After the interviews, the final selection criteria often includes the following (in order of importance).1,2 It should be noted that the applicant’s interview performance, statement of purpose, and recommendation letters can heavily inform these criteria and ultimately final selection decisions.

  1. Publications or paper presentations – resulting from the applicant’s existing research activities
  2. Applicant’s skills and interests match the program – as indicated in the application essays and as revealed in interviews
  3. Match with faculty member that is interested in working with the applicant – particularly as evidenced by the faculty member’s interview with the applicant and shared research interests; moreover, the faculty member has to be accepting students that year
  4. Statement of purpose – how clear and focused was the applicant able to write the essay; writing skills as evident in the essay
  5. Prior research experience – more generally, how much prior research experience the applicant had, and what that experience was, etc.

Other criteria may also be considered depending on the program.  Finally, it should be noted that among the least important criteria for selection typically include: multilingual fluency, contribution to geographic diversity, and whether the applicant is related to another student that was or is in the program.


Admissions Statistics

Acceptance rates at graduate programs in psychology range between 32-78% for Master’s programs and 12-48% for PhD programs (non-clinical); for clinical programs generally, acceptance rates vary from 7-50%.1  Data on the mean acceptance rates in different areas of psychology, compiled by the APA in 2010, are as follows:1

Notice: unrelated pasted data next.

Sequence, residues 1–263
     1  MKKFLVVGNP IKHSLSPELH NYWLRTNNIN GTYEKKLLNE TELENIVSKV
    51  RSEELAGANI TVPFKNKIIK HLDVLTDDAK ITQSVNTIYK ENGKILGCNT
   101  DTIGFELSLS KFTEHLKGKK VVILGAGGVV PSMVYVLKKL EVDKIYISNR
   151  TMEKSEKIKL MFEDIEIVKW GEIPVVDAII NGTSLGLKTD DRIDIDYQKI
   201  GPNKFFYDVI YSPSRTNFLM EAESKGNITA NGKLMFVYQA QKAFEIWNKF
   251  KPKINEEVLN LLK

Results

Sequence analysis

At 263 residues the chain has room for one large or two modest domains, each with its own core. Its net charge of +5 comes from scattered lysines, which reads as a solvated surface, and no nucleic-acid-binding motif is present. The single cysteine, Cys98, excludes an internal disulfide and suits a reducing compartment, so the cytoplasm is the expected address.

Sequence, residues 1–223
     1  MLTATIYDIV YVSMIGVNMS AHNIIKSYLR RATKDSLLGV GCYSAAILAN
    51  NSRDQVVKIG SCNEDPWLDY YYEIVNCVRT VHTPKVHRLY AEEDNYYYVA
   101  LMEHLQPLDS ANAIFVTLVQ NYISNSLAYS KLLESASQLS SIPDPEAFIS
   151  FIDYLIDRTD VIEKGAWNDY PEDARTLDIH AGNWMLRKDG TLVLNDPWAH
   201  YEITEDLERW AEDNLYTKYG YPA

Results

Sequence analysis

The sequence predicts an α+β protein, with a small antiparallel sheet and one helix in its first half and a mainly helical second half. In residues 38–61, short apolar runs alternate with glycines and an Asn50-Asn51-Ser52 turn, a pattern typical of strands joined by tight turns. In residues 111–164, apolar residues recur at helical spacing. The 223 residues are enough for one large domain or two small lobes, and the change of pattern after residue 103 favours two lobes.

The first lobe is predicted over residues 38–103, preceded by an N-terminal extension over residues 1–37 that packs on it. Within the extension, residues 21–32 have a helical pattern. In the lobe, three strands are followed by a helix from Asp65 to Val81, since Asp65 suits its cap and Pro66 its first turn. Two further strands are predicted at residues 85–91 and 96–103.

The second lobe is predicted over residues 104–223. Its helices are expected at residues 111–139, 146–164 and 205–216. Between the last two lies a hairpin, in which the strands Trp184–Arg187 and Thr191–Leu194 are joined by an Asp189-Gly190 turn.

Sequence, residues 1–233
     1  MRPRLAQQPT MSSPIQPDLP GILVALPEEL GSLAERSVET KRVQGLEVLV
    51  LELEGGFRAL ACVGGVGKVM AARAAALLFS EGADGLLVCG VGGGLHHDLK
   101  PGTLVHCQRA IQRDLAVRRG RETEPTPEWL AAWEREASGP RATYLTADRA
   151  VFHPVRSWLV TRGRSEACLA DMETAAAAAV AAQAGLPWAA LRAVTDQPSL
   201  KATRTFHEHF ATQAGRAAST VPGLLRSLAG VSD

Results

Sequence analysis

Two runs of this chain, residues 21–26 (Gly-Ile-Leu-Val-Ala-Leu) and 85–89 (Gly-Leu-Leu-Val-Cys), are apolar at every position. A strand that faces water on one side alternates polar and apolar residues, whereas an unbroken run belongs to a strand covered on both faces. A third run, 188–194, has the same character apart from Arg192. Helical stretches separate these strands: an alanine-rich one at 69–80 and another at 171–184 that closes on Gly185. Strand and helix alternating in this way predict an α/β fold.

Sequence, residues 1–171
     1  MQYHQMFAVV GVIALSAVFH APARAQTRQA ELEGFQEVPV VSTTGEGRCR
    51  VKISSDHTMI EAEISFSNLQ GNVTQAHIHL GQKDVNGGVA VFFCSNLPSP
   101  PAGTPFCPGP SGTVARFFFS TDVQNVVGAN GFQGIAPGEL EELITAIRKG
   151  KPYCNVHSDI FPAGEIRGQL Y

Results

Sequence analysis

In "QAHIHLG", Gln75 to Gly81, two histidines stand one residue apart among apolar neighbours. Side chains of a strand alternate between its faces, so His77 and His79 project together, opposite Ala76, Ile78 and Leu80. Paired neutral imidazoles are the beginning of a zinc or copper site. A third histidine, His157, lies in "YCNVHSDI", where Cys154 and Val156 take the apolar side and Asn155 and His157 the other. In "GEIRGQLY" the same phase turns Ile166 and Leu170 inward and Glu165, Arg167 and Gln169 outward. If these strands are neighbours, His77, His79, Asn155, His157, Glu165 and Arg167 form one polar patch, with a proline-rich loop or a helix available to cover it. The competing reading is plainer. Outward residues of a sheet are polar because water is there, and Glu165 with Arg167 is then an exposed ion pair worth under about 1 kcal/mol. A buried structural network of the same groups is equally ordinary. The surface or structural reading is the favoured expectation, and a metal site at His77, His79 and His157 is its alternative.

AreaMaster’sPhD
Cognitive Psychology40%16%
Community Psychology61%24%
Counseling Psychology63%12%
Developmental Psychology44%20%
Educational Psychology57%48%
Experimental Psychology39%15%
Health Psychology41%16%
I-O Psychology52%27%
Neuroscience32%15%
Quantitative Psychology78%36%
School Psychology34%31%
Social/Personality Psychology39%12%

Workshops and Downloadable Resources

Workshops

  • For in-person discussion of the process of applying to graduate programs in psychology, neuroscience, and related fields, please consider attending this department’s “Paths to PhDs” workshop and other related events (for dates and times, please check the undergraduate workshops calendar).

Downloads

  • Tips for Applying to Graduate Programs in Psychology (a brief summary) [PDF]